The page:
Suboxone seemed like a get-out-of-jail-free card, the answer to my opiate addiction. Instead, I had a new ten-year addiction, complete with thinning hair and lost motivation.
The day I realized I was a junkie began like any other. I woke up late on a Tuesday in 2001, rushing to get to a work meeting on time. Just the normal routine. The only difference was on this day I did not take the white tablet that had become my secret and constant companion for the previous year. I had forgotten to. In the middle of my meeting I began to feel sick. Really sick: sweating, stomach churning, disoriented, twitchy and anxious. I thought I was coming down with the stomach flu. By force of habit, I reached in my purse and took a pill from my hidden stash of Vicodin. In a matter of 30 minutes my flu symptoms were gone. The distress over getting sick was replaced by an overwhelming sense of dread. I knew what I had become.
I was in a death-dance with medication obtained from online doctors and pharmacies. Not a single soul who knew me was privy to this information. Looking back, I think people around me must have known something was up. There were mood swings, erratic behavior and outbursts. I was immersed in a high stress business, in a dysfunctional environment. The drama level was soap opera high, and getting higher by the day. Maybe I just seemed frazzled by the roller coaster my colleagues and I found ourselves on. Nobody confronted me when I would take pills in their presence (from a bottle of Tylenol no less). I would often refer to having bad headaches, which was true. The meds in that bottle however were not Tylenol. Hindsight being 20/20, I often wish I had admitted my problem then, and gotten myself into treatment. I could have saved myself 13 years of misery, secrets and shame. I guess I wasn’t ready. We do what we do until it is more painful to continue than it is to face change.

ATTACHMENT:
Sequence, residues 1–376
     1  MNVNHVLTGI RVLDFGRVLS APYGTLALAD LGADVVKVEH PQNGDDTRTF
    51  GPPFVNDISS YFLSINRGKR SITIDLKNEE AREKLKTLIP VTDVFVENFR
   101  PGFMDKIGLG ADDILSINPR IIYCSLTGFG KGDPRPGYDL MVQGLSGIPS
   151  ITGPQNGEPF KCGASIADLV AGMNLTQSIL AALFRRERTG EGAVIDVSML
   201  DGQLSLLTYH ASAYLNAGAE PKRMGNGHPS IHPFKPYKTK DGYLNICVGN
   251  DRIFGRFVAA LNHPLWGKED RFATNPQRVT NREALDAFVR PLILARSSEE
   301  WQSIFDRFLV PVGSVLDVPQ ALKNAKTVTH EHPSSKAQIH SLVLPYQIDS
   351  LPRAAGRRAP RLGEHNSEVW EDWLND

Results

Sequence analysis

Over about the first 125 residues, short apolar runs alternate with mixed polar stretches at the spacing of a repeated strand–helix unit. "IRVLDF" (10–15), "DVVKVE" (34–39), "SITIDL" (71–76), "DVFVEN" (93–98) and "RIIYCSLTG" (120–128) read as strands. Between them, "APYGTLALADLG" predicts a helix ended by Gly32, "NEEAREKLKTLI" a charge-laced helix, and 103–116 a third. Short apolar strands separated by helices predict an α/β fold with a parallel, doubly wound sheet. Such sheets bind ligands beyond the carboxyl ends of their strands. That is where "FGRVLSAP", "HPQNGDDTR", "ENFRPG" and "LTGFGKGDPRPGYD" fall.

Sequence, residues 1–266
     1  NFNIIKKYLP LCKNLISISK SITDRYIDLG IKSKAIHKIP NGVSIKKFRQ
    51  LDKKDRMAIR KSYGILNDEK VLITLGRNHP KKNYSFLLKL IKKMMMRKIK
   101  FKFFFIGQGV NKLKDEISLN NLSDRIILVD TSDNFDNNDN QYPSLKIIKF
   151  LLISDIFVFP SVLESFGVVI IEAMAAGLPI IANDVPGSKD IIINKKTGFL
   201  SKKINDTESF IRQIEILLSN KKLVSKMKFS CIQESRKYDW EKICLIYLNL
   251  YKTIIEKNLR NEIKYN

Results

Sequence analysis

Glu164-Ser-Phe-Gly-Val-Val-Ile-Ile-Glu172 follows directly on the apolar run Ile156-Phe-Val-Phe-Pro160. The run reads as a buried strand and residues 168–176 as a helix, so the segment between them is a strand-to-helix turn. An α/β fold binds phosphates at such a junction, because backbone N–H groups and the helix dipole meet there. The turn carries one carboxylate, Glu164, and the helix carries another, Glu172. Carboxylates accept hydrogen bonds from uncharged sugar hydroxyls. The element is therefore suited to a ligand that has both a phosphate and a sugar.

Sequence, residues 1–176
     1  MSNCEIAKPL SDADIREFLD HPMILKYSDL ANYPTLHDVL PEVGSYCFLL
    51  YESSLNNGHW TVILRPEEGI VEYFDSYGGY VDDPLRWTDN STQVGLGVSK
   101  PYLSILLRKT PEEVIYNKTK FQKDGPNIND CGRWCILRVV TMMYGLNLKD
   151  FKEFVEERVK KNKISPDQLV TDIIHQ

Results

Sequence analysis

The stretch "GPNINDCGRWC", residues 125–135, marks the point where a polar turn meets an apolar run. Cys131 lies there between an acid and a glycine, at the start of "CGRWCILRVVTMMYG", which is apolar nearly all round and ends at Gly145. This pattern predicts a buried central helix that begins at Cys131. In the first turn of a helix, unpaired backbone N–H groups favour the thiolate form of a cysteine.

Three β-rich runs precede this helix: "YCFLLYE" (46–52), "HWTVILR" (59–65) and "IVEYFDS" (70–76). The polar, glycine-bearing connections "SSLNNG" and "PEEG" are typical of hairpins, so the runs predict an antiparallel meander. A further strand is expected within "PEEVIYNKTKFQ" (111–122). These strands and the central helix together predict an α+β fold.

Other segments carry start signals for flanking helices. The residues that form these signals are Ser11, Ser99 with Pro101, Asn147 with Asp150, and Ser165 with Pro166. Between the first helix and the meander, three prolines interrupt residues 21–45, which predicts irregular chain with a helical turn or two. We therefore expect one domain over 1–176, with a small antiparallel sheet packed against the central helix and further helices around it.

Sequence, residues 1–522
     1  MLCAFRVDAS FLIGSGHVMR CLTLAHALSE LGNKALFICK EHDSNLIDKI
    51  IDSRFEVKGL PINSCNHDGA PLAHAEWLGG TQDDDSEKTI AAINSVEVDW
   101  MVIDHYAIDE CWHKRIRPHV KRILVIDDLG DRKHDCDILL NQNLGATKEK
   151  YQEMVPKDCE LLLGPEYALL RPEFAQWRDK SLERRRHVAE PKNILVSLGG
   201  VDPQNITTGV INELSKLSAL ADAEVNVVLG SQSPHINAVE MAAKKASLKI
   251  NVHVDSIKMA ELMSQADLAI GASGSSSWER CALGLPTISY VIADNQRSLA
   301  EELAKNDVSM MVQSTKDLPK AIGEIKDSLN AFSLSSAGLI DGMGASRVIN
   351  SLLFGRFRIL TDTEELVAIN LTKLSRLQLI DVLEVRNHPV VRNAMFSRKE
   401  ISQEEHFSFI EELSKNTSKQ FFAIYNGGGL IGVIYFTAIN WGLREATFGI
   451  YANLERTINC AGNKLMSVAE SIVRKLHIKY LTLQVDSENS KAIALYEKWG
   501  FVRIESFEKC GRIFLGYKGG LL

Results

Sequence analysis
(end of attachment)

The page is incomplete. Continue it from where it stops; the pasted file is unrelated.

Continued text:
I was cloaked in denial. My wardrobe and obsession with appearances made it easy to blend in with the rest of humanity. Driving down the freeway on one of my increasingly frequent Mexican holidays, hair tossed by the breeze of a convertible, I looked like one more day-tripper. Inside, I was desperate to exorcise the hungry ghost who was surely running my life.
Fast-forward one year. In 2002 I was no longer working for the same dysfunctional company. I moved on to another even more dysfunctional firm that was headed (along with me) for disaster. My new job required moving to New York City. I was excited about the prospect of change and had fantasies of creating a new life there. In recovery this is well known as a “Geographic,” but at the time it seemed like just the thing I needed.
The Internet was a tool I used to obtain prescription meds to avoid legal hassles. My scripts were legitimate, even if my claims of back pain were not. It makes sense that when I decided to get off painkillers I’d go back to the well. I searched my new city and found a number of clinics. Unfortunately they all relied on methadone to get patients off of opiates. I was adamant that I would never take methadone, and I put myself through three wicked weekend detoxes. These all ended the same, with me going back to the drug I simultaneously needed and hated. The drugs had stopped working. I was at the sorry place where taking pills was required for me to get out of bed in the morning. Unfortunately I had done damage to the lining of my stomach from the high level of acetaminophen in the drug I preferred. I was unable to keep enough of the meds in my stomach to get high; I could keep just enough down to stave off that awful brand of sickness every junkie comes to know well.